Lionfish culler bitten by nurse shark

| 31/08/2019 | 12 Comments
Cayman  News Service
Paul Egleston

(CNS Local Life): A diver taking part in the Cayman United Lionfish League (CULL) tournament today (Saturday, 31 August) was bitten by a nurse shark, suffering a serious injury to the back of his knee. Paul Egleston (70), who is a CULL board member and experienced diver, was hunting lionfish when the shark began aggressively going after the fish in his container but ended up taking a chunk out of his leg. Egleston was taken to Cayman Islands Hospital, where he will be receiving a skin graft over the wound, and is expected to make a full recovery.

Mark Orr, chief conservation officer at the Department of Environment (DoE) and one of the founders of CULL, was at the event today and explained that this was not typical behaviour for a nurse shark, but that when divers feed them lionfish off their spears they learn to expect food that way. He stressed that it is illegal to feed marine life except in Wildlife Interaction Zones, adding that the DoE has had reports of both licensed and unlicensed cullers feeding the sharks this way.

He explained that the nurse shark had been around Egleston trying to get a “handout” and when that didn’t happen, it went after the lionfish he had collected but wound up knocking the container away and biting the diver instead. He stressed that shark attacks are very rare in Cayman, and noted the issue is when people feed predators of any kind, pointing out that a similar incident has occurred with an eel going after a culler, biting his hand, again because they had been previously fed lionfish.

“The only way to stop this from happening is to stop the illegal feeding of marine life in our waters,” Orr said. “The nurse shark is not seen as an aggressive shark. It’s curious but that’s about it. They eat mostly shells and molluscs; it’s not even natural for them to eat lionfish. They just get used to it.”

Katie O’Neill, vice chair and co-founder of CULL, said she had spoken to Egleston and he was in “very good spirits”. Describing him as a very dedicated culler, she added, “He told me his biggest regret was that he wasn’t able to be at today’s weigh-in and won’t be able to take part in the cull tomorrow.”

O’Neill also warned that when the sharks “don’t get fed and encounter other people who are culling, this is the kind of thing that can happen and it’s really tragic. But it will not happen again if we can just convince people to stop doing things that compromise the safety of the people who are following DoE rules and using containment devices.”

This weekend marks the 30th lionfish cull organised to help curb the population of this invasive species. The tournament wraps up tomorrow.

Correction: The original article incorrectly stated that Paul Egleston had already received a skin graft, when the procedure hasn’t yet been performed.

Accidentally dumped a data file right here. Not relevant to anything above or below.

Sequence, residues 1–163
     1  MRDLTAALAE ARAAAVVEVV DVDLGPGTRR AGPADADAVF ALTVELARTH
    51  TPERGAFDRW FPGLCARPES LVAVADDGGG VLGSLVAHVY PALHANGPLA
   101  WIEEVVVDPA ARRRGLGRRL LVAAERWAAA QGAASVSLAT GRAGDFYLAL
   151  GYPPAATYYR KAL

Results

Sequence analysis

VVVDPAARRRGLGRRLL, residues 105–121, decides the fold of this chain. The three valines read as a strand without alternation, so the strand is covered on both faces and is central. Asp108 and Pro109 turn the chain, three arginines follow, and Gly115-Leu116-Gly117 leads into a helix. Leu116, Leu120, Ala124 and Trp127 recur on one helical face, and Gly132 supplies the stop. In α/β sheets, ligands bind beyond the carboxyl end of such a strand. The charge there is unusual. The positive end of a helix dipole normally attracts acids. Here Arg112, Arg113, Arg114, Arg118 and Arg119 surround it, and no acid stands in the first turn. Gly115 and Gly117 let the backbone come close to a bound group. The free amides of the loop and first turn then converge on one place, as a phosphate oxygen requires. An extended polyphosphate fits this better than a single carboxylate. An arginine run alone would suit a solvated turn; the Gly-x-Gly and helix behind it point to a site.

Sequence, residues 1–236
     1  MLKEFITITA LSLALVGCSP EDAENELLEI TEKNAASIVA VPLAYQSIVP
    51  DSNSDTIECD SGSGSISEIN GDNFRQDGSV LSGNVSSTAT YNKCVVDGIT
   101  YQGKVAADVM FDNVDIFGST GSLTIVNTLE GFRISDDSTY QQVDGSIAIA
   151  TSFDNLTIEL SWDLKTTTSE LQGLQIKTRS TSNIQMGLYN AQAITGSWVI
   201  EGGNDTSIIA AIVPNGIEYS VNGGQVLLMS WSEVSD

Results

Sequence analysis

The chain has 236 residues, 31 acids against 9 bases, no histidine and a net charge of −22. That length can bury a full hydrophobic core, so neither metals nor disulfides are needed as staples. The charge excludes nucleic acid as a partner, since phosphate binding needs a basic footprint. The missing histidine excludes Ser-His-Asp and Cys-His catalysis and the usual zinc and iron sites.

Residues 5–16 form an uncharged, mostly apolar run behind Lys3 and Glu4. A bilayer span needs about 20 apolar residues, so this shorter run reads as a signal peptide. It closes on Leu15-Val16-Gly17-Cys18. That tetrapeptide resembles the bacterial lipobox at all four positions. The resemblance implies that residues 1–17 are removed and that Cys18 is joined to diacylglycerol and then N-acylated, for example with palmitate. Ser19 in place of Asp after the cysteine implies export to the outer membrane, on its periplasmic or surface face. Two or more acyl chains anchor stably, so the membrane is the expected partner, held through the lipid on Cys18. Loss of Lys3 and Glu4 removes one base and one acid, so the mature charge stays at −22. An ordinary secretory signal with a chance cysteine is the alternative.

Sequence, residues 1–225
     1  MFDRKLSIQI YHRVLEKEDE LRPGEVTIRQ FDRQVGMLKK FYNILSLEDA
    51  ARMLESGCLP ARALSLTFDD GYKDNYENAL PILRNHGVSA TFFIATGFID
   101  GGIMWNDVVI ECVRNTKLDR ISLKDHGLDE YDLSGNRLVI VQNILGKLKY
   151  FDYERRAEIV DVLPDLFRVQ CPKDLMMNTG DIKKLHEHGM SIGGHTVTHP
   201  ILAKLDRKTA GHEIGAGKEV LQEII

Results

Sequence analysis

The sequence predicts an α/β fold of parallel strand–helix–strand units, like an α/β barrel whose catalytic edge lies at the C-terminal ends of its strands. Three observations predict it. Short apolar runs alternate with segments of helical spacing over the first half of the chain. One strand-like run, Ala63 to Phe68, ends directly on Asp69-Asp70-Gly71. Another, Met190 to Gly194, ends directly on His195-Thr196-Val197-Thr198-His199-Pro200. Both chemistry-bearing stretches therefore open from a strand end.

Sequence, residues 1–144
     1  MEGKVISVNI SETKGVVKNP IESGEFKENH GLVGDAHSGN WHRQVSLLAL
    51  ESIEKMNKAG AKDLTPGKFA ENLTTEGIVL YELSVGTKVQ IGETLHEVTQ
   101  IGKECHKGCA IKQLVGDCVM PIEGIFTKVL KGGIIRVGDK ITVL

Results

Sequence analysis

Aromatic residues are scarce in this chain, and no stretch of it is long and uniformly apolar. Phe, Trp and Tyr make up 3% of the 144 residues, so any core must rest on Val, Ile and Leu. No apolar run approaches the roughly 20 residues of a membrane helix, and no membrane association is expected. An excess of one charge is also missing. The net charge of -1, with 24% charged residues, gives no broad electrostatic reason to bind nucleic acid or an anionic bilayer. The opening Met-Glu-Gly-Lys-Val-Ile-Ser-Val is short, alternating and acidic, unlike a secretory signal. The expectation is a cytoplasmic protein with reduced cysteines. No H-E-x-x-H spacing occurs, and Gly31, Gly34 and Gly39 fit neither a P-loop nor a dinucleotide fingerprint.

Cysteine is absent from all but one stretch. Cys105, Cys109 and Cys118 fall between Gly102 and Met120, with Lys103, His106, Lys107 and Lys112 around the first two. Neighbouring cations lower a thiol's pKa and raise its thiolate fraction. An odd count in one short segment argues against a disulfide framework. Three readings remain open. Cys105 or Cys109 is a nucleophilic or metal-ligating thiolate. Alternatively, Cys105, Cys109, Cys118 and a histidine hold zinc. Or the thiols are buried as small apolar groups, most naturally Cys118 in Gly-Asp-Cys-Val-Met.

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Category: Health, Marine Environment, Medical Health, Science & Nature

Comments (12)

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  1. Zombie Jesus says:

    The lionfish hired a bodyguard.

  2. Anonymous says:

    Well done CNS. You’ve managed to accurately cover a story about a shark bite without the need for a gory photo or sensationalist nonsense. Nice bit of actual journalism unlike CMR and their rush to get out the photo of the wound.

    Speedy recovery to the diver.

    • Anonymous says:

      Stop picking on CMR.

      Many times CMR publishes the truth covered up by other public media.

      • Anon says:

        CMR is run by a gossip….A Gossip defined as “…..2. A person who habitually spreads intimate or private rumors or facts. 3. Trivial, chatty talk or writing.”

      • Anonymous says:

        Unfortunately it also publishes whatever it’s told as long as its sensationalist and chimes with its owners personal peeves but without any regard for whether it’s true. At which point you struggle to discriminate between the true stories covered up, and the ones made up or embellished, and end up believing none of them.

  3. Anonymous says:

    Ugh. Wishing you a speedy recovery Paul. Unfortunately, I have seen and heard of too many divers intentionally feeding lionfish to marine life in the mistaken belief that they are ‘training’ the creatures to hunt lionfish themselves. Instead, all they are doing is training lionfish to associate humans with handouts, and bites such as Paul’s are the inevitable result. Worse, it is never the idiots feeding these creatures who get bitten, but rather the innocent diver who comes along next, as in this case. Thanks DoE and CNS for the reminder in this article – feeding marine life outside the wildlife interaction zones is illegal. Legal culling is the only effective way to reduce lionfish numbers on our reefs.

  4. Gray Matter says:

    Lionfish / Shark.. Turf; Interfering human snack get in the way

  5. Anonymous says:

    Animals of any sort are unpredictable and these things will happen occasionally, we just never know who or what type of animal, I wish the lad a speedy recovery

  6. Anonymous says:

    He should have just fed the fish. It’s a crazy ocean out there .

    • Anonymous says:

      Feeding the sharks/barracuda/Eel’s is why we get these incidents in the first place. His accident comes as a reminder that feeding wildlife needs to stop for the sake of the animals and people.

    • Anonymous says:

      It’s not Disneyland…

  7. Booya says:

    Nurse shark was just protecting it’s little fish friends. A reminder that the ocean is not our element.


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